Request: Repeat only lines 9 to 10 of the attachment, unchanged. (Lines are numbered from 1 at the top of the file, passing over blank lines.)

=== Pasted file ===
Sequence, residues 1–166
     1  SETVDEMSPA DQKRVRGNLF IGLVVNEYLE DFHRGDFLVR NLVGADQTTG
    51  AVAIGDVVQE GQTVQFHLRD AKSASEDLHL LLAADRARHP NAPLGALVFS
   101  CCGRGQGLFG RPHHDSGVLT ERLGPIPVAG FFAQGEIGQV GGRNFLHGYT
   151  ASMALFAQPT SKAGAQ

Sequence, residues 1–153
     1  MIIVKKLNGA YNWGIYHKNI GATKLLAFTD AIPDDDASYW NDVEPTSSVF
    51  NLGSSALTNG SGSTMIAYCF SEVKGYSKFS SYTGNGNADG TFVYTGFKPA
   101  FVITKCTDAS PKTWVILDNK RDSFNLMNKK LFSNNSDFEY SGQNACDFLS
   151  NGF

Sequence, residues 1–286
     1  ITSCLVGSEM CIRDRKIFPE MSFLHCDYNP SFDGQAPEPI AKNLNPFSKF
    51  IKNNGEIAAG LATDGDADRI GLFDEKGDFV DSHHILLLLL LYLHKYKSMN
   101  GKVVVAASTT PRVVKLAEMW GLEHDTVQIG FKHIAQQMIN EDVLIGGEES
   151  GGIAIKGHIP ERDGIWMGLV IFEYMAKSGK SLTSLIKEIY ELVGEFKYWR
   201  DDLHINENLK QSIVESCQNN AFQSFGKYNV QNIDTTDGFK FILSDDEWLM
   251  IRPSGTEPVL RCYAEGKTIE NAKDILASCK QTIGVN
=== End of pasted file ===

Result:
   101  FVITKCTDAS PKTWVILDNK RDSFNLMNKK LFSNNSDFEY SGQNACDFLS
   151  NGF